Article — How to Find Local and Sustainable Foods in Your Area

By Elaine R. Cwynar, M.Ed., CCP

Most U.S. produce is harvested four to seven days before it arrives at grocery stores. Food travels about 1,500 miles from its source. Imported foods travel farther. High costs for fertilizers, pesticides, fuel, and energy increase food cost. This system can strain the environment.

Sustainable Agriculture
Sustainable agriculture allows farms to produce food indefinitely, without causing severe or permanent environmental damage. Crop rotation and soil conditioners like lime, peat, and manure help to keep soil healthy.

Local Organic Farmers
Local organic farmers do not use chemical fertilizers, pesticides, plant growth regulators, or genetically modified organisms. Transportation costs are lower, and fresh food may have higher nutritional value.

Farmers’ Markets
More than 4,600 farmers’ markets are listed by the USDA's Farmers' Market Search. Weekly market listings make it easy to shop most days of the week. They are usually open from late spring into fall. Customers support their favorite farmers. Farmers have direct access to markets and consumers, which increases their income. Urban communities also have easier access to fresh, nutritious foods that they did not have in the past.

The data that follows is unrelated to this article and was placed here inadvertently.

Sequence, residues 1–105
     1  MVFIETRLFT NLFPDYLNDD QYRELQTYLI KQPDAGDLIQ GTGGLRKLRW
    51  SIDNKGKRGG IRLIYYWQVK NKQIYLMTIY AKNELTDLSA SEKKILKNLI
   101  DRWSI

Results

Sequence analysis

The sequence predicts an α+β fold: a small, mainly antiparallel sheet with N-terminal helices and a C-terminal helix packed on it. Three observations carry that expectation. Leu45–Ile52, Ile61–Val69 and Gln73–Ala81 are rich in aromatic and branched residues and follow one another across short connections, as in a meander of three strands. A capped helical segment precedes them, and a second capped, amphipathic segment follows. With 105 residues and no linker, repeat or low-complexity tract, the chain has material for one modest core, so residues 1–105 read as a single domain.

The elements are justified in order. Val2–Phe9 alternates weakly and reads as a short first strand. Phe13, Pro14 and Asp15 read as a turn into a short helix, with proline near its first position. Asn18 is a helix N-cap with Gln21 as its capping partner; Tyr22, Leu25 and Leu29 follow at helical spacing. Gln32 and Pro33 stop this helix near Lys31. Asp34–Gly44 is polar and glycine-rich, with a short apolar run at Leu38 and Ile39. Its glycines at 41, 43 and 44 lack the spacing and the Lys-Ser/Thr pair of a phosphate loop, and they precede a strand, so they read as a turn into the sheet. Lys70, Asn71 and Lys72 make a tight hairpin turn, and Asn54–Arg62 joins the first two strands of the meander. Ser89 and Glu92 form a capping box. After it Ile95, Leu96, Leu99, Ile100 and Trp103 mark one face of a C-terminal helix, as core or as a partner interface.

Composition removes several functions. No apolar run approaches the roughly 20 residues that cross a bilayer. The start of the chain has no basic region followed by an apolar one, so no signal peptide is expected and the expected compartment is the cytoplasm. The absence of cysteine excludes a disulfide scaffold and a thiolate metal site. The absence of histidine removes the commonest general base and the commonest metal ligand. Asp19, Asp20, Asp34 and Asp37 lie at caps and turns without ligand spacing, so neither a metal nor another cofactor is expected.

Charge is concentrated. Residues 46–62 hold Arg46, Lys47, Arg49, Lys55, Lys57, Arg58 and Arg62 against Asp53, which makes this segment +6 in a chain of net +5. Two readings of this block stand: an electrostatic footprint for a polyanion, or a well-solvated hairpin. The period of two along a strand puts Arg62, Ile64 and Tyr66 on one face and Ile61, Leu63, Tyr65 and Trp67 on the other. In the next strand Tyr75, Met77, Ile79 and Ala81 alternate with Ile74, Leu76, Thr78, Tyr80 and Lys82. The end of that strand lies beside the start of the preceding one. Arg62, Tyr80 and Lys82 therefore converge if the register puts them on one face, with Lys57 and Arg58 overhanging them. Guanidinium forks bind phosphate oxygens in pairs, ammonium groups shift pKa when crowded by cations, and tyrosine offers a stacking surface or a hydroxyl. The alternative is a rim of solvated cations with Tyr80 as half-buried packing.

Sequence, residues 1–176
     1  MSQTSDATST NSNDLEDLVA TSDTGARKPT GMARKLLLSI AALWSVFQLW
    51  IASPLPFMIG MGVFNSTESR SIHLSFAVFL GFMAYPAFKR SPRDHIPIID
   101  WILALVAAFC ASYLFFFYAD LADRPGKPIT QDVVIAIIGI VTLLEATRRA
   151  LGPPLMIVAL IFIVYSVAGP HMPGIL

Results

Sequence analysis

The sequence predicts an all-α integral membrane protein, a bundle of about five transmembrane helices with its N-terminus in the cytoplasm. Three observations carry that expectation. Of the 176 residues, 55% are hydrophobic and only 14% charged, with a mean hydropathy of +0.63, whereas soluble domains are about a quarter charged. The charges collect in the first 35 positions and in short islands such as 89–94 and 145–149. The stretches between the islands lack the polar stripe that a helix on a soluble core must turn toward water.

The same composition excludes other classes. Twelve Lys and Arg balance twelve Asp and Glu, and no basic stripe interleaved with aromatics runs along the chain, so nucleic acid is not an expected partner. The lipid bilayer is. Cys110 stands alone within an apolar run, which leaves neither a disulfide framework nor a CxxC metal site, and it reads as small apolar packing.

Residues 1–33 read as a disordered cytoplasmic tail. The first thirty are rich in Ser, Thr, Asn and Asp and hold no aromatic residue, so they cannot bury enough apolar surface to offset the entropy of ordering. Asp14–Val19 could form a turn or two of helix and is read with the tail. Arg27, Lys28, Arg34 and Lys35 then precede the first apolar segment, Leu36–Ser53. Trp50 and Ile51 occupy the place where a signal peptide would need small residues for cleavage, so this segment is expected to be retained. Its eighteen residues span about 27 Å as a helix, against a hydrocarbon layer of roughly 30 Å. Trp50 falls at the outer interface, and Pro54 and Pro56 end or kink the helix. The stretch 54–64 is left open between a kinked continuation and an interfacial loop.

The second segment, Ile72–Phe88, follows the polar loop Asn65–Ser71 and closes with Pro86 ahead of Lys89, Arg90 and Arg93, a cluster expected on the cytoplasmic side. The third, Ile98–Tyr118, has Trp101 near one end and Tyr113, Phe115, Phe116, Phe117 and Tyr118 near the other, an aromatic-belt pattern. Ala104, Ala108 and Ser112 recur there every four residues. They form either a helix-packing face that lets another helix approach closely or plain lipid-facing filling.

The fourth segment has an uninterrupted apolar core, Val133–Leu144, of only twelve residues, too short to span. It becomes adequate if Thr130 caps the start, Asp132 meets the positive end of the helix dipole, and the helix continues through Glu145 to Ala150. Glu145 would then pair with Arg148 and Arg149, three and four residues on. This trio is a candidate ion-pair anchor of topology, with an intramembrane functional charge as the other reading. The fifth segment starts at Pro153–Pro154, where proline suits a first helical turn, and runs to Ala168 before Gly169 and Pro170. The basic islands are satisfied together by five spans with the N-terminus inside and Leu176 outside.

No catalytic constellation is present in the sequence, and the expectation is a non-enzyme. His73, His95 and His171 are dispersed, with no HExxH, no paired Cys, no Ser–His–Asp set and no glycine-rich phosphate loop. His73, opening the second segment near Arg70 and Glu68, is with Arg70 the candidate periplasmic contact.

Community Supported Agriculture (CSAs)
Local Harvest lists over 2,000 CSAs that offer produce, flowers, fruits, eggs, milk, meats, and other farm products from late spring to early fall. Community individuals buy an annual share in the farm. Their shares cover the expected costs of the farm’s operation and the farmer’s salary. Share owners receive fresh produce during the growing season. They share the risk of poor harvests as well as bountiful ones. These direct sales give the farmer advance working capital, better prices for crops, some financial security, and less marketing burden.

Food Co-Ops
The Co-Op Directory Service lists natural food co-ops. Natural food coops prefer to stock organically grown, minimally processed food, with little or no additives or preservatives. Co-op grocery stores, which are open to the public, may have thousands of member/owners. They pay a fee to join and donate time to operate the coop. Members determine which products are sold and receive rebates, depending on the profit of the business and the amount they spent at the co-op that year.